Trade-offs between (i) CU and cost of the network, (ii) and cost of the network, and (iii) and CU for Network 1, obtained from Pareto fronts of NSGA-II, caRamel, MOPSO-CD, and MOEA/D.

Close modal
Figure 7

Trade-offs between (i) CU and cost of the network, (ii) and cost of the network, and (iii) and CU for Network 1, obtained from Pareto fronts of NSGA-II, caRamel, MOPSO-CD, and MOEA/D.

Figure 7

Trade-offs between (i) CU and cost of the network, (ii) and cost of the network, and (iii) and CU for Network 1, obtained from Pareto fronts of NSGA-II, caRamel, MOPSO-CD, and MOEA/D.

Close modal

Examining Figure 5 for Network 1 reveals that NSGA-II-generated solutions exhibit suboptimal performance, with CU and reliability values below 0.4. In contrast, for caRamel, MOPSO-CD, and MOEA/D, a clear trend emerges: as CU and In values approach 1, there is a corresponding increase in the network's cost. Beyond a threshold where both In and CU exceed 0.8, there is a pronounced exponential rise in the network's cost, aligning with existing literature (Prasad & Park 2004; Wang et al. 2015). Additionally, it is worth noting that reliability values consistently surpass 0.98 whenever CU values exceed 0.8.

For Network 2 (Figure 6), Pareto-optimal solutions from NSGA-II exhibit comparatively better performance than Network 1, with reliability values exceeding 0.93 and CU values surpassing 0.72. In the case of the other three algorithms, reliability values are greater than 0.95, and CU values are above 0.8. Remarkably, for all reliability and CU values, the cost remains constant for solutions obtained from MOPSO-CD and MOEA/D. However, a decline in reliability values is noted at higher CU values.

In the case of Network 3, NSGA-II performs unsatisfactorily in terms of CU, with values less than 0.32. However, the other three algorithms demonstrate satisfactory performance with higher reliability (>0.98) and CU (>0.5) values. Similar to Network 2, the relationship between cost and reliability, as well as cost and CU, lacks a clear pattern, and a decrease in reliability values is observed at higher CU values.

Regarding Network 1, it is evident that achieving high equity in water supply (CU close to 1) comes at a substantial cost, marked by a sharp increase. This aligns with the findings of Gottipati & Nanduri (2014), highlighting the significant impact of the source location and network layout on CU. While the present study maintains a fixed network layout and source location, there is potential for enhancing supply equity without a significant cost increase by optimizing the network layout during design (Gottipati & Nanduri 2014). Notably, for Networks 2 and 3, optimization using MOPSO-CD and MOEA/D does not lead to a significant cost increase, indicating more cost-efficient ways to achieve equity in water supply in these network configurations.

In summary, the graphical representations offer valuable insights into the trade-offs between cost, uniformity, and network resilience, guiding decision-makers in network optimization. These results highlight the crucial role of tank structure and placement in improving water supply equity within a network, underscoring their significance in network design. Performance indicators like the uniformity coefficient and resilience index contribute to designing WDNs while considering costs.

Multidimensional Pareto analysis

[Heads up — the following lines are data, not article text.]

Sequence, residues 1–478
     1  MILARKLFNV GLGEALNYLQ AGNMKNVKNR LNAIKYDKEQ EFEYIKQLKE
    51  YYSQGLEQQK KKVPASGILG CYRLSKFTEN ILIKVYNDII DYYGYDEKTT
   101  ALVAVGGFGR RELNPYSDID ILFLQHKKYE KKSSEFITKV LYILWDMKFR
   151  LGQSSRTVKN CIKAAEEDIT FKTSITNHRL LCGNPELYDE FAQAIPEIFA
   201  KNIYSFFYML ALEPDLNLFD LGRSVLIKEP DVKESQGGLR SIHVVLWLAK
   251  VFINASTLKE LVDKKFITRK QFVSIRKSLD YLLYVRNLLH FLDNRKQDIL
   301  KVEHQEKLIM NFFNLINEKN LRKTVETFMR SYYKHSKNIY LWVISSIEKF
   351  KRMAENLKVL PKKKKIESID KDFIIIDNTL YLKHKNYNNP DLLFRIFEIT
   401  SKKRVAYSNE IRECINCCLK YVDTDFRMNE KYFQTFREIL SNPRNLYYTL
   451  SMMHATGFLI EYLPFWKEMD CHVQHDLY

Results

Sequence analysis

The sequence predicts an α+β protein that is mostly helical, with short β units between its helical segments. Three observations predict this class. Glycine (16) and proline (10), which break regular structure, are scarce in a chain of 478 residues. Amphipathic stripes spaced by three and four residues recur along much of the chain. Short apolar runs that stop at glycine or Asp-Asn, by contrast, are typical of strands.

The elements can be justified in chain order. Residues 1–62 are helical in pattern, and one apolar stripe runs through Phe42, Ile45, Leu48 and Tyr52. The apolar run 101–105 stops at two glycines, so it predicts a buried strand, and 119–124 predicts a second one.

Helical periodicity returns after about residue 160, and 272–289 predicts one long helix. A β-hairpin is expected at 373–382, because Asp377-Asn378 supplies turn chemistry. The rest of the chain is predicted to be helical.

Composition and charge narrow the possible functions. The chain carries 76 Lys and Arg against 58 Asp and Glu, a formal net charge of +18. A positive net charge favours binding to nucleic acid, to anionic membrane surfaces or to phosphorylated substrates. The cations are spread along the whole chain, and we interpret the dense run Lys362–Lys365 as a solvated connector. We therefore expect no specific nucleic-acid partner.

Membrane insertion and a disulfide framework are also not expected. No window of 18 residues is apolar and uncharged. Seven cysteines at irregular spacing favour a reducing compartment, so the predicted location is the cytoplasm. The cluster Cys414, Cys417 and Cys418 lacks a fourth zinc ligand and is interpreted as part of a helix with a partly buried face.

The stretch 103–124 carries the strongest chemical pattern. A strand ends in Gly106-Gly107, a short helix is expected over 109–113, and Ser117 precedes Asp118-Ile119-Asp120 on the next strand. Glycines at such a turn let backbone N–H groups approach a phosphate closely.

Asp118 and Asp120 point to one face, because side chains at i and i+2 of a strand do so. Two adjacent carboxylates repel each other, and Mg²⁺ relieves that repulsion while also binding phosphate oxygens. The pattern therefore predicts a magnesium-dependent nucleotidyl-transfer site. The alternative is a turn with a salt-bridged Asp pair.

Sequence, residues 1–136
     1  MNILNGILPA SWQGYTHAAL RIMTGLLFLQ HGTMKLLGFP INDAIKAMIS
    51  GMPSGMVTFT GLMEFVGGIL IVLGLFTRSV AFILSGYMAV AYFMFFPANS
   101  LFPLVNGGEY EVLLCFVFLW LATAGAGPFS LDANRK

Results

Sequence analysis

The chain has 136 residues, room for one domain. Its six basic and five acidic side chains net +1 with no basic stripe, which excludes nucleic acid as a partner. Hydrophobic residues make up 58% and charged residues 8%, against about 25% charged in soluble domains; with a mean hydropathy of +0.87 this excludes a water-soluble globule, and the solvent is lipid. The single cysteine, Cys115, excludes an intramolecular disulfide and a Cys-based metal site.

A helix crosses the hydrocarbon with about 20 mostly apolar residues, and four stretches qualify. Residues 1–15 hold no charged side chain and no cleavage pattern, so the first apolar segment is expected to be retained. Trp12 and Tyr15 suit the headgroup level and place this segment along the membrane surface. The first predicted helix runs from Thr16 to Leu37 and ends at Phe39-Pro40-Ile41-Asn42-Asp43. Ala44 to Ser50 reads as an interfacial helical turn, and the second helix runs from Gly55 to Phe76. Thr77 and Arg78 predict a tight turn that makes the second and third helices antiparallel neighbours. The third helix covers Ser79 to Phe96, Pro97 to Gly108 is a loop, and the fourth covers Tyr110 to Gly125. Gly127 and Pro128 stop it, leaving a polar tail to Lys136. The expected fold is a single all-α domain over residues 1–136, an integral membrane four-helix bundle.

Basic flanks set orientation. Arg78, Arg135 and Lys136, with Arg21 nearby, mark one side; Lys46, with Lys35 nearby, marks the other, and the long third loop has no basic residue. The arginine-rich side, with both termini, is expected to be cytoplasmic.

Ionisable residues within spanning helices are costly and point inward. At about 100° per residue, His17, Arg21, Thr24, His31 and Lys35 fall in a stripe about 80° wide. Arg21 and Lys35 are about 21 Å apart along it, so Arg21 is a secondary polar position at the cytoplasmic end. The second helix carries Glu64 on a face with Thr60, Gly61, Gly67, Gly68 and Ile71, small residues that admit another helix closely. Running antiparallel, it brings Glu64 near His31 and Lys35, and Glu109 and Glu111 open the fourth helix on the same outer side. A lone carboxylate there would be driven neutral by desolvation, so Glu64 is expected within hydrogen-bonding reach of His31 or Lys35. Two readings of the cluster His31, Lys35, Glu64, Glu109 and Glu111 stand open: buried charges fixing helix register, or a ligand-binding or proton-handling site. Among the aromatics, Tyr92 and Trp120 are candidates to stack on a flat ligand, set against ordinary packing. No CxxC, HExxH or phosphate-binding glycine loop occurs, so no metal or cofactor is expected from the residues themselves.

Multidimensional Pareto analysis was carried out using brute-force dominance check algorithm and the outcomes are visualized in Figure 8 as a three-dimensional plot. The blue dots on the plot represent solutions that excel in at least one objective without being surpassed by any other solution. These are classified as Pareto-optimal, illustrating trade-offs between objectives, such as reliability versus cost. Among these Pareto-optimal solutions, the red dots represent a subset chosen through the brute-force dominance check algorithm, offering specific combinations of cost, reliability, and uniformity that align with our decision criteria.
Figure 8

Three-dimensional Pareto analysis of cost, reliability, and uniformity coefficient (CU) in water distribution network design: blue dots represent non-dominated solutions, while red dots indicate the final selected solutions using the brute-force dominance check algorithm.

Figure 8

Three-dimensional Pareto analysis of cost, reliability, and uniformity coefficient (CU) in water distribution network design: blue dots represent non-dominated solutions, while red dots indicate the final selected solutions using the brute-force dominance check algorithm.

Close modal

In summary, the plot provides a clear visualization of the complex trade-offs among cost, reliability, and CU. Solutions located in the lower left corner are cost-effective but may compromise on reliability and uniformity. Conversely, solutions in the upper right corner prioritize reliability and equity but tend to incur higher costs. The red dots highlight the selected solutions that achieve a desirable balance among these objectives through the brute-force Pareto analysis. Analysing the spatial arrangement of these points within the three-dimensional space offers valuable insights into the complex interplay of these factors, facilitating informed decision-making for optimizing network design.

Multi-criteria decision-making

Two MCDM techniques, namely CP and Fuzzy TOPSIS (FTOPSIS), were employed to evaluate the Pareto-optimal solutions derived from four multi-objective optimization algorithms. The MCDM techniques incorporated two weight allocation approaches: the entropy method and CRITIC method. To summarize, the solutions obtained from the Pareto fronts were ranked using four methods: CP-entropy, CP-CRITIC, FTOPSIS-entropy, and FTOPSIS-CRITIC. Figure 9 illustrates the boxplots of Lp metric values obtained from CP, providing a comparative analysis of solutions obtained from four different algorithms across all three networks. Lower Lp metric values indicate solutions that are closer to the ideal solution, signifying higher optimization performance.
Figure 9